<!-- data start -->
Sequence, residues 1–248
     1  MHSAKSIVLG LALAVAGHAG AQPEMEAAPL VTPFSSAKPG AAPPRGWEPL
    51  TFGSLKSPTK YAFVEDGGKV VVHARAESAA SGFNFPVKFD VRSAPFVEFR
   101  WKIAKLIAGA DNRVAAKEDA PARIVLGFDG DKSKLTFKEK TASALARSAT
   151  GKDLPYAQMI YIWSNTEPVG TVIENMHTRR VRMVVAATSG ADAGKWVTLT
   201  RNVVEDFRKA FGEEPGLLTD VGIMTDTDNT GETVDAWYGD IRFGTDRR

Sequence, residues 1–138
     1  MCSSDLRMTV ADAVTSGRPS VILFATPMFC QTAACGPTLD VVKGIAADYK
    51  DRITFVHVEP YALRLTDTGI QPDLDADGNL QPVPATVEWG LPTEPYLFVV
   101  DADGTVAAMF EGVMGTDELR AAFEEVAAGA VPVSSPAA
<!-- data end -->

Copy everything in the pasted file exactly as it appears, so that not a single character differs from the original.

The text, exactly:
Sequence, residues 1–248
     1  MHSAKSIVLG LALAVAGHAG AQPEMEAAPL VTPFSSAKPG AAPPRGWEPL
    51  TFGSLKSPTK YAFVEDGGKV VVHARAESAA SGFNFPVKFD VRSAPFVEFR
   101  WKIAKLIAGA DNRVAAKEDA PARIVLGFDG DKSKLTFKEK TASALARSAT
   151  GKDLPYAQMI YIWSNTEPVG TVIENMHTRR VRMVVAATSG ADAGKWVTLT
   201  RNVVEDFRKA FGEEPGLLTD VGIMTDTDNT GETVDAWYGD IRFGTDRR

Sequence, residues 1–138
     1  MCSSDLRMTV ADAVTSGRPS VILFATPMFC QTAACGPTLD VVKGIAADYK
    51  DRITFVHVEP YALRLTDTGI QPDLDADGNL QPVPATVEWG LPTEPYLFVV
   101  DADGTVAAMF EGVMGTDELR AAFEEVAAGA VPVSSPAA